News

Egypt Holds Candlelight Vigil on Anniversary of Russian Plane Crash

Egypt Holds Candlelight Vigil on Anniversary of Russian Plane Crash

Russian Ambassador to Egypt Sergei Kerbachenko, center, marches with Egypt's government members holding candles at Peace Square during ceremony on Sunday to mark first anniversary of Russian MetroJet plane crash near Red Sea resort of Sharm el-Sheikh, Egypt (Reuters)
Russian Ambassador to Egypt Sergei Kerbachenko, center, marches with Egypt’s government members holding candles at Peace Square during ceremony on Sunday to mark first anniversary of Russian MetroJet plane crash near Red Sea resort of Sharm el-Sheikh, Egypt (Reuters)

Egypt’s Ministry of Civil Aviation held a candlelight vigil at the Sharm El Sheikh airport to commemorate the victims of the Russian passenger plane that was downed over Sinai last year.

Civil aviation minister Sherif Fathy attended the vigil alongside Russia’s ambassador to Egypt, Sergei Kerbachenko.

Fathy expressed his condolences to the victims’ families and all those affected by the crash, while Kerbachenko said the “sadness is ongoing and will never go away.”

Egypt’s ambassador to Russia, Mohamed El Badry, also expressed his condolences on the anniversary of the crash.

“On the anniversary of the big tragedy, I would like to present my condolences to all Russians and to the families of the victims and tell them that their loss is not forgotten and it will not be forgotten by the Egyptian people and by the Egyptian government,” El Badry told Russian news outlet Sputnik.

On October 31, 2015, a Russian plane carrying 224 people crashed shortly after takeoff, killing all individuals on board. ISIS affiliate Wilayat Sinai claimed responsibility for downing the plane, saying it was in retaliation for Russia’s airstrikes in Syria.

Following the crash, Russia suspended all flights to and from Egypt over security concerns, with the United States, Britain and a number of other countries following suit. Most countries have yet to restore flights to Egypt but Russia has been inspecting security procedures at Egypt’s airports on a regular basis.

The downing of the plane has spelled disaster for Egypt’s already weakened tourism industry, which was once the cornerstone of the Egyptian economy and a major earner of foreign currency.

In March of this year – just four months after the downing of the plane – Egyptian Prime Minister Sherif Ismail said that Egypt’s tourism revenues dropped by as much as USD 1.3 billion as a result of the crash.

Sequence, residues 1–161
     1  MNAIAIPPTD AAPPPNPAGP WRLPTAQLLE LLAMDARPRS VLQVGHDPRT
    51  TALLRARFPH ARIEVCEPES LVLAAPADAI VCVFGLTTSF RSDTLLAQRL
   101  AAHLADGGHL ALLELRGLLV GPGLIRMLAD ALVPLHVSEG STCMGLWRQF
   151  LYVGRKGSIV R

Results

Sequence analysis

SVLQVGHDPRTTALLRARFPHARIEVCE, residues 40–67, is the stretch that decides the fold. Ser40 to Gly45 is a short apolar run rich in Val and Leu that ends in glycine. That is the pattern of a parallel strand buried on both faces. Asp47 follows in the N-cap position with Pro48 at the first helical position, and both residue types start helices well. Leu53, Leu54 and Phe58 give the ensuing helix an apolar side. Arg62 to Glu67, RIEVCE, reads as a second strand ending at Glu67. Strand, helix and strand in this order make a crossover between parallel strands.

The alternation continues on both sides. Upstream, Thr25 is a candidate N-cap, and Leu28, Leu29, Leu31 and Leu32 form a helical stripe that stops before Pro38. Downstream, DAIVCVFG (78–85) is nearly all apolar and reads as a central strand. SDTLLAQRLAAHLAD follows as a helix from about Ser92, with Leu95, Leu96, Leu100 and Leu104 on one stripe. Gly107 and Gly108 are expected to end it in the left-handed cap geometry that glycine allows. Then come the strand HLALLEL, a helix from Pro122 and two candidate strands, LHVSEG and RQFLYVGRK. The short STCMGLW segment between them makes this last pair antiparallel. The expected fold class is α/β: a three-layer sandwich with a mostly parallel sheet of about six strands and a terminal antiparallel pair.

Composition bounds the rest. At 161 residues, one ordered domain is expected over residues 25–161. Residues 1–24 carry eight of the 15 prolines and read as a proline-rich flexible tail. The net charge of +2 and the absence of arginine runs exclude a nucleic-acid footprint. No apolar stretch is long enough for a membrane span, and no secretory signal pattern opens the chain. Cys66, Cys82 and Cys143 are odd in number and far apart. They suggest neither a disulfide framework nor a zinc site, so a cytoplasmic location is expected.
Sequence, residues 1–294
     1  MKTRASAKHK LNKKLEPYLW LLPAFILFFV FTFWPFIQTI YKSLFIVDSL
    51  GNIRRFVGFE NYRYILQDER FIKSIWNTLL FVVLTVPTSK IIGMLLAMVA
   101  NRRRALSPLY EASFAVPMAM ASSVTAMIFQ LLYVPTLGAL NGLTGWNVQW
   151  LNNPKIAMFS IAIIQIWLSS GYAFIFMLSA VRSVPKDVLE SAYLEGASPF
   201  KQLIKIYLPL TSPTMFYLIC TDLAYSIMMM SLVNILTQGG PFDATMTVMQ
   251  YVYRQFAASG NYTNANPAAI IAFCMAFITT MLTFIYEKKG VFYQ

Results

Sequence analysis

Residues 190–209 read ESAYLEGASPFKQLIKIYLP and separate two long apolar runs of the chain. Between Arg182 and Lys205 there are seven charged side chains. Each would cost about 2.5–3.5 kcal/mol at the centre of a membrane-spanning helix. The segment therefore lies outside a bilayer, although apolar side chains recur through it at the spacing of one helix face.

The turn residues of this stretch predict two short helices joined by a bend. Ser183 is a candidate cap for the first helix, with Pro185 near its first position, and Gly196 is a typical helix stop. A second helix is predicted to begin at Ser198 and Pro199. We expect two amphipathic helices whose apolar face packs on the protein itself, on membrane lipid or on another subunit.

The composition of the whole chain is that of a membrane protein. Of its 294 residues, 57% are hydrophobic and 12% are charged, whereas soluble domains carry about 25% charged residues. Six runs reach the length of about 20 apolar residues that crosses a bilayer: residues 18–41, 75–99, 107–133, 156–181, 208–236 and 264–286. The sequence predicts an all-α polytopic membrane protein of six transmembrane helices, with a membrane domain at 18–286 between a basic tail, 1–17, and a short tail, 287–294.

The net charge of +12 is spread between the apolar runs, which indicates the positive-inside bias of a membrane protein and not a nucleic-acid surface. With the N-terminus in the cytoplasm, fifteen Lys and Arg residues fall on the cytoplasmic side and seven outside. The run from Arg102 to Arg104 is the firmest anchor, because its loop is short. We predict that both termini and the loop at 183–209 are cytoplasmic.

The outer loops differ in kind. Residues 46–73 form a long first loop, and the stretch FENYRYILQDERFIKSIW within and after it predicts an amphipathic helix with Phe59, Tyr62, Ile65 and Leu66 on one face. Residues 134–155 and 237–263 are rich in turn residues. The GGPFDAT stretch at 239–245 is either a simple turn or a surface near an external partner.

Roughly four million Egyptians work in the tourism sector, which accounts for 12.6 percent of the country’s total employment and about 12 percent of the economy.

'Egypt is Safe': UN World Tourism Organization Meeting Opens in Luxor
Egypt Moves Up Four Spots in Gender Gap Index

Subscribe to our newsletter


News

More in News

Former Leader of Muslim Brotherhood Mohamed Mahdi Akef Dies at 89

Egyptian StreetsSeptember 23, 2017

Forest Whitaker to Receive Career Achievement Award at El Gouna Film Festival

Egyptian StreetsSeptember 23, 2017

Egypt Ranks First in ‘Where to invest in Africa 2018’ List

Egyptian StreetsSeptember 21, 2017

Uber to Launch Public Transport Service in Egypt: Minister

Egyptian StreetsSeptember 21, 2017

US to Consider Restoring Halted Military Aid to Egypt: Trump

Egyptian StreetsSeptember 21, 2017

President Al-Sisi Addresses the United Nations

Egyptian StreetsSeptember 20, 2017

President Al-Sisi Meets Israel’s Netanyahu Publicly For The First Time in New York

Egyptian StreetsSeptember 19, 2017

Irish-Egyptian Ibrahim Halawa Acquitted By Egypt Courts After Four-Year Imprisonment

Kari MegeedSeptember 18, 2017
Egyptian Streets is an independent, young, and grass roots news media organization aimed at providing readers with an alternate depiction of events that occur on Egyptian and Middle Eastern streets, and to establish an engaging social platform for readers to discover and discuss the various issues that impact the region.

© 2017 Egyptian Streets. All Rights Reserved.